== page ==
Education Reform as We Know It Is Over. What Have We Learned?
An ed. reformer reflects on what the movement got right—and wrong
The education reform movement as we have known it is over. Top-down federal and state reforms along with big-city reforms have stalled. The political winds for education change have shifted dramatically. Something has ended, and we must learn the lessons of what the movement got right—and wrong.
The era of inspiration, edicts, and coercion from Washington to improve our public schools is in the past. The Every Student Succeeds Act is a paper tiger with no new funds or accountability for results. The U.S. Department of Education under Betsy DeVos has dismantled efforts to push states to improve school systems while tainting all education reform with a far-right agenda for vouchers as it defunds public education. Yet, a growing number of high school graduates are not prepared to work or to continue their education.
The era of the nontraditional "no excuses" urban superintendents is finished. Michelle Rhee, Joel Klein, and Tom Boasberg have all moved on. There are few comparable replacements. The vision of a radically transformed public education system with virtual schools, new charter models, and online personalization has crashed on the shores of reality. Certainly, there are examples where district leaders and school boards are trying new practices and pushing for improvement—whether in Indianapolis, where innovation schools continue to be seen as important and effective, or San Antonio, where the district is partnering with charter school management organizations to create new schools—but the national wave has crested.
We have a set of proof points of what is possible with a few improved school districts and hundreds of schools that effectively educate the most disadvantaged children. Denver, New Orleans, and the District of Columbia all saw improvements in standardized test scores over the past decade, for instance. However, education improvement remains unavailable for many communities that require it the most. This is the fundamental paradox we are left with at the end of this ed. reform era: How do we reconcile tangible progress with the massive systemic gaps that remain?
We had more changes in federal and state education policy designed to improve achievement since the passage of the No Child Left Behind Act in 2001 than since the civil rights era. We had a broad bipartisan political coalition with Ted Kennedy and George W. Bush. Barack Obama and Arne Duncan poured unprecedented billions into pushing the system. We focused on 21st-century outcomes, not fuzzy 20th-century inputs. We thought we could change it. We were right, and we were wrong.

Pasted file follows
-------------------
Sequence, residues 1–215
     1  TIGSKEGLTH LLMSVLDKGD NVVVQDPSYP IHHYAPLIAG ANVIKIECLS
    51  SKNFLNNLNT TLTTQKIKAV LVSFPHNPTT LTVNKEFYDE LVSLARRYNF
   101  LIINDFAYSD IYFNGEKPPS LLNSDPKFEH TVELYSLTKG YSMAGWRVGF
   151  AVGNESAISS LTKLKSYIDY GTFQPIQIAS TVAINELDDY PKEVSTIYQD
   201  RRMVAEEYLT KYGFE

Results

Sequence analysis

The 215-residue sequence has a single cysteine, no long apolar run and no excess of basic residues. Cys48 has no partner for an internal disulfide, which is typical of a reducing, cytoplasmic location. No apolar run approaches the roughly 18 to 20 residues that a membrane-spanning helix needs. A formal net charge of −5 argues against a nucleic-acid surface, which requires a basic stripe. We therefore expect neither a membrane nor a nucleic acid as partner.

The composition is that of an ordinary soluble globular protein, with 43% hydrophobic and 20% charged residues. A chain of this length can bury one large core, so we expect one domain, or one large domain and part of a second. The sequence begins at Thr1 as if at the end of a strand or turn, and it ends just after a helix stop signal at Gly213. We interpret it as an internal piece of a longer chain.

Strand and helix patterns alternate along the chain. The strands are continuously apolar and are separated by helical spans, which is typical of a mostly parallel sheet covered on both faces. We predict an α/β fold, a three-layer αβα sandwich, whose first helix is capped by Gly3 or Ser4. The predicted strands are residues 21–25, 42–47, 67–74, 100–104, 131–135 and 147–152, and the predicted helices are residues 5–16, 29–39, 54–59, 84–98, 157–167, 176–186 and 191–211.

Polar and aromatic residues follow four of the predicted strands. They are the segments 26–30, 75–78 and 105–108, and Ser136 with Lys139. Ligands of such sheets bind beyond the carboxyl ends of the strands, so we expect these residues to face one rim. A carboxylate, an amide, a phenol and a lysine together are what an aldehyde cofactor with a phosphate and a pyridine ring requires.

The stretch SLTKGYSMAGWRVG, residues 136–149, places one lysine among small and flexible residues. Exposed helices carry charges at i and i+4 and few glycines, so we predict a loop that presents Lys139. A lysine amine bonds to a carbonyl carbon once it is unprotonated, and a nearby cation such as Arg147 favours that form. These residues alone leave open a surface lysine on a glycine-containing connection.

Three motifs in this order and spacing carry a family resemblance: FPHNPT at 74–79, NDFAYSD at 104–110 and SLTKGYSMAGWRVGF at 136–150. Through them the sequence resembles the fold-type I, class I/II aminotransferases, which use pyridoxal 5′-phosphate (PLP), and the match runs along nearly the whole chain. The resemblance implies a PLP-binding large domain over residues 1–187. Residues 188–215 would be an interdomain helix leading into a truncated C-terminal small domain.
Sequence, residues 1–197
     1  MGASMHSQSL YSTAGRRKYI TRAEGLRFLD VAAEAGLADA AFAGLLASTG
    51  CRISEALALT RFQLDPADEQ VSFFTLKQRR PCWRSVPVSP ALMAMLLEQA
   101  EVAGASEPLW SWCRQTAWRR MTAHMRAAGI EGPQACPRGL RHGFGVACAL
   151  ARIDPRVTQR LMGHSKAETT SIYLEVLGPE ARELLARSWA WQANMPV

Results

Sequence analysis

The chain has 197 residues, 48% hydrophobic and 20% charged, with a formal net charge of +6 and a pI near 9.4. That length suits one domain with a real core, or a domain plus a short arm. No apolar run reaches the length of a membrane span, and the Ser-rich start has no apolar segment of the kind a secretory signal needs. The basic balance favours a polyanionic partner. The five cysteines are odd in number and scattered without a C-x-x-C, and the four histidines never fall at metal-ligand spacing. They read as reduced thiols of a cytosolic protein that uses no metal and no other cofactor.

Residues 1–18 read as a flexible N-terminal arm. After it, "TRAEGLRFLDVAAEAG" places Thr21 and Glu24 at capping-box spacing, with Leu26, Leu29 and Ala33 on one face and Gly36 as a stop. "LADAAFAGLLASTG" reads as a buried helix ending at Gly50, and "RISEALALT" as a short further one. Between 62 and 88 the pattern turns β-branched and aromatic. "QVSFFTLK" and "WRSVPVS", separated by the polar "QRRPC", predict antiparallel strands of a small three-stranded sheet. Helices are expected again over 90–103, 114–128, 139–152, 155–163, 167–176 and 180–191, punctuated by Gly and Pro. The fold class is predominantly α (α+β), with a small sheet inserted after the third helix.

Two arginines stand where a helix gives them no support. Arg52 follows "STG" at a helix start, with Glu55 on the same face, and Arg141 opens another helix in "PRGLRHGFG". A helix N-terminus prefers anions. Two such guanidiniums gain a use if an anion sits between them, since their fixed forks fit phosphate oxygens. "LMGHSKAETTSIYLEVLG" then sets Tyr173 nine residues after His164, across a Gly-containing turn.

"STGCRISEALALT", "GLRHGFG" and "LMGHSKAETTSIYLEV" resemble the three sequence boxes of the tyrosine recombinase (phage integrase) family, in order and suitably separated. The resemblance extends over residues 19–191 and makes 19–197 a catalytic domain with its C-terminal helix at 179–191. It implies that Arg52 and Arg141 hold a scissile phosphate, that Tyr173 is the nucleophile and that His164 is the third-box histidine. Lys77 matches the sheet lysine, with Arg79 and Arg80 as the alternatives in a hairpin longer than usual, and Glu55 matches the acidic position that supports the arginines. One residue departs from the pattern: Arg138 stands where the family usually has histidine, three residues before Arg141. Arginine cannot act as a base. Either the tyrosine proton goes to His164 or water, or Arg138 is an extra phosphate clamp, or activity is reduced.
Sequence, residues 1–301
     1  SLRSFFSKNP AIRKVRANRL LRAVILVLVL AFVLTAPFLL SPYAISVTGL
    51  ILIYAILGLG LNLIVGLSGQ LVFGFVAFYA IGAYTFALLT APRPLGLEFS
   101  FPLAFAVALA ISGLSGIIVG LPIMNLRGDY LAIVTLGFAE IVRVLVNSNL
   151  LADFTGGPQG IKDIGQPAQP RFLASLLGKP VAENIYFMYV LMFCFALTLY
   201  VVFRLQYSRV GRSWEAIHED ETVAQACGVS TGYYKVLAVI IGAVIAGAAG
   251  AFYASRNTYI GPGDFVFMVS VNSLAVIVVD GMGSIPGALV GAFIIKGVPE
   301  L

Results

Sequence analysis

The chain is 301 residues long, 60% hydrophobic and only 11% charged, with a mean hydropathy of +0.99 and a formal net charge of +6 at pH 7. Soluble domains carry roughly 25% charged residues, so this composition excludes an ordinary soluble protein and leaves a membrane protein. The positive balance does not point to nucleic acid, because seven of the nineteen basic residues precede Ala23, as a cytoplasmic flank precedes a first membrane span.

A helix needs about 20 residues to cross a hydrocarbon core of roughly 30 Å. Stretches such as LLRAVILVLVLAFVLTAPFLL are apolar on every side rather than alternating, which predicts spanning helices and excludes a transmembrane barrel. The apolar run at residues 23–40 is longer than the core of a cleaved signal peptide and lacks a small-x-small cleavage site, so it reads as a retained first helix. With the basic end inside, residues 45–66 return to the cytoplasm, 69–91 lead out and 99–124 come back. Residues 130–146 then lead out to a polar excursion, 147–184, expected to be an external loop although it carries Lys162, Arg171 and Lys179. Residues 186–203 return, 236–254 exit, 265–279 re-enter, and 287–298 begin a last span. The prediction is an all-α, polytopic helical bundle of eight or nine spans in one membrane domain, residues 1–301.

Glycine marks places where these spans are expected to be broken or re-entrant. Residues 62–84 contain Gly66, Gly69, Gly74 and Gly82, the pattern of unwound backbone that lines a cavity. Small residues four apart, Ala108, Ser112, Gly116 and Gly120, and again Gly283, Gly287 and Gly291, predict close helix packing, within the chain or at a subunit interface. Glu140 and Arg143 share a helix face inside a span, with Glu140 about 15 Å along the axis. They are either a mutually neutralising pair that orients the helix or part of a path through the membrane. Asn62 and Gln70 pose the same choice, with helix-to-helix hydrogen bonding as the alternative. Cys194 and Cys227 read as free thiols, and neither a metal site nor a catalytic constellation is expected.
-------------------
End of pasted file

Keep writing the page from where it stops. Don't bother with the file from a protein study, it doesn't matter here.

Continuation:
There are three primary reasons that education reforms failed to live up to our expectations: too few teacher-led reforms, a lack of real community support from those most impacted, and a lack of focus on policy change for public schools across the board, not just the lowest of low-performing schools.
Too many reform efforts were undertaken on behalf of communities, rather than led by communities.
Reformers (myself included) led an unneeded assault on the existing educator force, with ham-handed teacher evaluations and a focus on getting rid of poor performing teachers. In an attempt to modernize the profession, we ended up losing the hearts and minds of a generation of educators. It is hard to not notice the wave of teacher strikes aimed exclusively on securing more resources for existing systems.
Lastly, while the rhetoric was appropriately focused on education being the "civil rights issue of our time," many of the reforms at the state level applied to indiscriminately all schools—regardless of whether these new accountability systems, tests, charters, or teacher evaluation systems made sense for all schools. Efforts to bring urban reforms to whole states without asking whether suburban or rural area schools even needed them backfired dramatically. Reformers often took a holier than thou approach in challenging all schools to change, which only alienated those that saw little need for change in their schools.
Too many of the reforms were focused on scaling success too early rather than doubling down on quality and understanding what was working and why. Building effective, quality programs or schools was not considered sexy. Instead, it was all about scale, measured not in the dozens but the millions. Even if it did lead to the development of many new schools that have worked for many students, it was all too much, too fast.
So what's next, how do we move forward? First, champions of education reform have to honestly assess why particular efforts failed to live up to our expectations before we move on to the next shiny education improvement initiative. We need to do this before we spend tens of millions on more scaling of existing reforms. We need to focus now on listening.
Where did we make progress, where did the needle get stuck? Why have some states or cities failed to live up to the grand expectations? And why did achievement on standardized tests improve in Denver, New Orleans, and the District of Columbia in the past decade? We need to be able to answer these questions, and we need to be able to do that before we embark on the next chapter.
But whatever we do, we need to work directly with those closest to the problems—teachers, principals, students, families, and community leaders—to build a movement that is focused on preparing most or all of our students for the world that they live in, that promotes lasting change. It will not be simple and will take a commitment of many years and require leadership in the communities most affected. Let's get to work.
Vol. 38, Issue 31, Page 24Published in Print: May 1, 2019, as The End of Education Reform